Amidst the mesquite honey trees were remains of workshops and other unidentified buildings. Because no documentation existed on these buildings in the central courtyard, they were not reconstructed.
Near the far end of the wall was the limestone church, one of the best examples of Spanish colonial Baroque architecture. Built in 1768 at the height of the mission’s development, the church contains a rich collection of statues of the Holy Family and several saints on its façade, a replica of the original richly carved wooden door, and an arched back entrance with carved animals. Pomegranates, a symbol of unity, appeared throughout the relief carvings, much as grape vines did on other churches I’ve seen. The interior of the church, still in use and under the direction of the Catholic Church was much simpler in its decoration, particularly for a Baroque church. Once completely adorned in bold patterns and primary colors, only a small portion of the exterior painting remained. Next to a small tower partially held together by old wooden stairs was the Rose Window. Perhaps the best example of Spanish Colonial ornamentation in America, this richly decorated non-circular window opening remains a mystery as to its sculptor and significance. Next to the church was the Convento, a residence for the missionaries and a place of lodging for visitors. Remnants of a few rooms and the many arches (including a few incorrectly restored as pointed arches by the Benedictine monks) remained.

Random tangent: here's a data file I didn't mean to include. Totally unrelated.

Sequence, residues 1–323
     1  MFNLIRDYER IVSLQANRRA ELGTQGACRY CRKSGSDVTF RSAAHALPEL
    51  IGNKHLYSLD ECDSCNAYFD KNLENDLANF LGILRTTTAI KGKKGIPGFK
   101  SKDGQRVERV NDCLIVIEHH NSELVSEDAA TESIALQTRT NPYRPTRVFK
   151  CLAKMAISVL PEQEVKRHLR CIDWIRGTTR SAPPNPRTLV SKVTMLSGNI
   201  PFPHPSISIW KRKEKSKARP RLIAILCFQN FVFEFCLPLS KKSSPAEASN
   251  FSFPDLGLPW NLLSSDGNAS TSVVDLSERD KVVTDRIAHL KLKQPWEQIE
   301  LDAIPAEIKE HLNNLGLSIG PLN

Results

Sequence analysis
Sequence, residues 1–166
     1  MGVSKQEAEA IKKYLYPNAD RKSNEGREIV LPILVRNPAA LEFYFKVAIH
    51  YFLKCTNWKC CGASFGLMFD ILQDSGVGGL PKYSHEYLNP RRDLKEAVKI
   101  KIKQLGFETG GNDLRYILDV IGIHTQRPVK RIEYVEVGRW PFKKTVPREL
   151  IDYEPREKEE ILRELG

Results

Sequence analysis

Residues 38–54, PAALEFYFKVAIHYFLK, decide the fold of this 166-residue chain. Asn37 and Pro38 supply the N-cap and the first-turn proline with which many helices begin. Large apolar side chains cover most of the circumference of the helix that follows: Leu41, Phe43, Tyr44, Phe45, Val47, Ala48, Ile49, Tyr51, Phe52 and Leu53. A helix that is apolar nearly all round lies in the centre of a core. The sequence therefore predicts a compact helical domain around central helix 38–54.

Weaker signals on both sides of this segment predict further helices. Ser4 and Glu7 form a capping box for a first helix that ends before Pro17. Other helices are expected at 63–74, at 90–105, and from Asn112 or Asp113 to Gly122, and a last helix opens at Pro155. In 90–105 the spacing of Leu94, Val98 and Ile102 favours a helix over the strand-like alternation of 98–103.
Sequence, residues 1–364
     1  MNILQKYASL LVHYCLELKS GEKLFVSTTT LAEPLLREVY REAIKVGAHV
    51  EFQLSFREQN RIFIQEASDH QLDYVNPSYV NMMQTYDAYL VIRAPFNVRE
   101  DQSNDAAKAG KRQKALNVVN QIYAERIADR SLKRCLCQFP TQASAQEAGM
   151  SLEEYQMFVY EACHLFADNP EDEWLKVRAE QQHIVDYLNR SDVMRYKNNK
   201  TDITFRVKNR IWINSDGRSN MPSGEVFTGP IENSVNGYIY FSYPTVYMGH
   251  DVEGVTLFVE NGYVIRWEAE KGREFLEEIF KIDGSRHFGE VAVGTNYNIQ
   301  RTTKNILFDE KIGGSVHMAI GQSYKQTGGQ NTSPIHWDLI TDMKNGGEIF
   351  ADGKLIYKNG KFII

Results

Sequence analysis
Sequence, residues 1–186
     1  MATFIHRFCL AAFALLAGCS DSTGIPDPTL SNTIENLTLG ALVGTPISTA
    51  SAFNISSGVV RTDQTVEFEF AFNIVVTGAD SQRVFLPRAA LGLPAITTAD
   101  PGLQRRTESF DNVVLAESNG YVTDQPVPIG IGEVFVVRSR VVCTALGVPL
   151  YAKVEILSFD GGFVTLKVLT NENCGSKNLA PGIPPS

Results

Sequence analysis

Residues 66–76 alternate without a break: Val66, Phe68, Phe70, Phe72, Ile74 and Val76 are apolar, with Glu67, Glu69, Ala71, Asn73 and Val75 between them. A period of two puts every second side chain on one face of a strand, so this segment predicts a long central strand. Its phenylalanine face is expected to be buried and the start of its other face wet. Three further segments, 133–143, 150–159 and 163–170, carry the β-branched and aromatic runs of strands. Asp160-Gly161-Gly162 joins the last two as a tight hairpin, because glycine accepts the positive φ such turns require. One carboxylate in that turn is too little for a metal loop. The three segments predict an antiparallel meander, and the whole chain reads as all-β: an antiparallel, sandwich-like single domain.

Just beyond the walls of the structure was the gristmill, which ground wheat to accommodate the residents’ new diet. A park ranger was there to demonstrate the process, increasing the flow of water to the wooden wheel below, which also sped up the grinding. Periodically the church bells rang out, much like they summoned the mission residents to worship three times a day. Back inside the walls, I visited the exhibits and a spacious granary with a barrel-vaulted ceiling.
In the 104 years that San José was a mission, over 2,000 Indians were baptized. Even today, some of the church worshippers can trace their lineage back to the mission Indians.
The chain of missions located along the San Antonio River in the 18th century were one of Spain’s most successful attempts to extend the Spanish kingdom northward and establish a concentrated area in which to spread the Catholic faith. In this way, the Franciscans helped expand the Spanish Empire against the encroaching French colonialists and focus on the spiritual conversion of the Native Americans of the region, supported financially by the Spanish Crown and the Catholic Church. Flourishing between 1747 and 1775, these missions also provided food, shelter and protection for the Coahuiltecan Indians. In return, these hunters and gatherers had to give up their nomadic way of life, language, clothing, names, and spiritual beliefs. In addition, they had to learn Latin and Spanish, as well as new jobs. Although European diseases such as smallpox did eventually ravage the mission and others chose to return to their former way of life, the San Antonio missions were considered a success and chartered the spiritual and cultural outcome of the region.
Today little remains other than the small iconic church whose façade we associate with the Alamo. After mission activity began to wane at the end of the 18th century, the Alamo was abandoned and used as a fortress by the Mexican army. Plaques, illuminated in the early night sky, told of the historic struggle of the outnumbered Texas defenders against the advance of the Mexican army in 1835. Now a national historic landmark, the Alamo continues to draw visitors and influence local architecture.